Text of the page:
“But this is a gentleman’s agreement between the officer and the relatives, and the police are actually not following the law when they take someone to hospital for psychiatric care instead of jail,” the doctor says.
The law as it stands now is a hindrance to people living with suicidal thoughts, because the knowledge that it is a criminal offense makes them go into hiding rather than seeking help, he says.
Michael Njenga, chief executive officer of Users and Survivors of Psychiatry-Kenya, says the law increases the level of stigma, discrimination and isolation for survivors of suicide attempts and their families. By making it a criminal offense, Njenga says, the law makes it clear to the public that someone who attempts suicide is a criminal.
“What takes preeminence is the punishment rather than the care and support for the person. When someone attempts suicide, you will probably be arrested, then taken to a police station, or even if you are taken to hospital, you are handcuffed next to the hospital bed, which adds on to the trauma for a person who needs medical intervention,” he says.
Njenga adds that this also reinforces the belief that mental illness is a result of witchcraft or a curse on a family.
Philip Gichana, a programs manager at the Kenyan NGO International Institute for Legislative Affairs, says the law originated from colonial times and is meant as a deterrent for people who might be thinking of killing themselves.
“The idea is that if someone sees another person arrested and tried for attempting to commit suicide, this will dissuade them from also attempting to do the same,” he says. “However, if someone is in extreme emotional state or pain, and you tell them they shouldn’t commit suicide because another person went to jail for doing the same, it won’t work, because that person has already made up their mind.”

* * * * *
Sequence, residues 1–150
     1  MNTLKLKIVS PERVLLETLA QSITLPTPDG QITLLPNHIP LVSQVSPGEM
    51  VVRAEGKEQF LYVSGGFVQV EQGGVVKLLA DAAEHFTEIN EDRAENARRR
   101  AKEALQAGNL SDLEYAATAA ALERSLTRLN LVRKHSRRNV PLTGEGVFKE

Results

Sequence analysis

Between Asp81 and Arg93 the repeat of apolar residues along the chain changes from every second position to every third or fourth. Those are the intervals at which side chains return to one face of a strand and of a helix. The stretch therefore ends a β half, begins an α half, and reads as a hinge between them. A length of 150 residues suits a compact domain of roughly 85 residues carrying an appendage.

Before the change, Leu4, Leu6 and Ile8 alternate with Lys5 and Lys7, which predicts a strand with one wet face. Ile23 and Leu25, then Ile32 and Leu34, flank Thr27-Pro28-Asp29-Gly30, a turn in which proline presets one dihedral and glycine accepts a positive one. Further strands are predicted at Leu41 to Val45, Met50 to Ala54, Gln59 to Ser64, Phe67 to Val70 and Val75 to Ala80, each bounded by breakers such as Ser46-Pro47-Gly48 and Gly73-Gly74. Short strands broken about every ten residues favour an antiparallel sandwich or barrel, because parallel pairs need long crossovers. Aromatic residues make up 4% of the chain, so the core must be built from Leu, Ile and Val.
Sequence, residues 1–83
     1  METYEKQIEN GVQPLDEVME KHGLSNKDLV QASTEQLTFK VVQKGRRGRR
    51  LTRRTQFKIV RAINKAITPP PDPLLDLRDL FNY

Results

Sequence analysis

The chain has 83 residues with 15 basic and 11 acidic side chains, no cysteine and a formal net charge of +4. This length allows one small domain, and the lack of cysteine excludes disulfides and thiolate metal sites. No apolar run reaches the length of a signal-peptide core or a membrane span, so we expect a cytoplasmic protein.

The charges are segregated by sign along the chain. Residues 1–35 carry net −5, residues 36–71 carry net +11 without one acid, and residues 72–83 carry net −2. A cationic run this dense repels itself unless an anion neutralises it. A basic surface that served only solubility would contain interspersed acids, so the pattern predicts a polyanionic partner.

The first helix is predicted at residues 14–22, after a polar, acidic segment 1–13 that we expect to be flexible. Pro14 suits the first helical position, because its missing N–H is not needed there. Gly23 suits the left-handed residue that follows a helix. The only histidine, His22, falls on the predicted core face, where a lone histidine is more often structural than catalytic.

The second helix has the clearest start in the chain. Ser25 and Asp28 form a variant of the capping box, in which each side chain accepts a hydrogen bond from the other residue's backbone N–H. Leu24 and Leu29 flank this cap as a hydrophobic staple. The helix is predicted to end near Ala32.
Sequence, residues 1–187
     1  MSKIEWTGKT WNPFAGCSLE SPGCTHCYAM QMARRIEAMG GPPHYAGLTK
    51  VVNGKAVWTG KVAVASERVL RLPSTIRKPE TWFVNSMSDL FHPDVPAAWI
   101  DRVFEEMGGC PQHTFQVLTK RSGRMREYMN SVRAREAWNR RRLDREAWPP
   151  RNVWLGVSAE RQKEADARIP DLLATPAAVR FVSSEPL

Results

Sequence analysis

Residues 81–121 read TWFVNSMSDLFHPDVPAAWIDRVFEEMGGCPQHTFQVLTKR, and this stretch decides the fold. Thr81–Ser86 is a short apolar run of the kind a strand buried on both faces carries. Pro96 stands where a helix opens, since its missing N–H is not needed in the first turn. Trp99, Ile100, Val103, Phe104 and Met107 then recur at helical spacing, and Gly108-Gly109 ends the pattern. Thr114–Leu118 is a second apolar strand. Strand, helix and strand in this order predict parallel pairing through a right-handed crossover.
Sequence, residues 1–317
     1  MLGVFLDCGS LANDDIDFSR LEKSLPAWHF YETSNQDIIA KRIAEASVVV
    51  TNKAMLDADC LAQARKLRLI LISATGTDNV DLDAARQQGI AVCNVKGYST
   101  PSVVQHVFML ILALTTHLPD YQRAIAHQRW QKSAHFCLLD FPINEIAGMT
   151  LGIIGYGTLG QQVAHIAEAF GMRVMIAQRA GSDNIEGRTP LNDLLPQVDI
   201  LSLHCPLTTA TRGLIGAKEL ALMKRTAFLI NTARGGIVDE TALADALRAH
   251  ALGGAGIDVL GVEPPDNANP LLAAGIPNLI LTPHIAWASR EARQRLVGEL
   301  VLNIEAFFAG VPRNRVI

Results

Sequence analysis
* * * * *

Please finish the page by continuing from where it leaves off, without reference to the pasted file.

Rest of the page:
He adds that being charged with the crime of attempted suicide can have impact on their lives negatively, even if they are later pardoned.
“Once someone has been fingerprinted and put into the system for such a crime, it can make it difficult to access certain government documents like the Certificate of Good Conduct, which requires one not to have a criminal record for it to be issued by the police,” Gichana says. “The certificate is required by employers in government and sometimes in the private sector. This will make it difficult for the person to get jobs in certain institutions.”
Dr. Njuguna says the first step in repealing the law was taken on Sept. 10, 2016 — World Suicide Prevention Day — when representatives of the Ministry of Health appeared at Mathari Mental Hospital in Nairobi to raise awareness about the negative consequences of the law and how it affects society, the media and the State Law Office, the department that upholds the nation’s rules.
Njuguna suggests a change to the law that would allow police to help families take relatives who attempt suicide to the hospital without fear of arrest, so they can facilitate rather than hinder access to treatment.
EDITOR’S NOTE: David Njuguna, the pastor, and Simon Njuguna, the physician, are not related.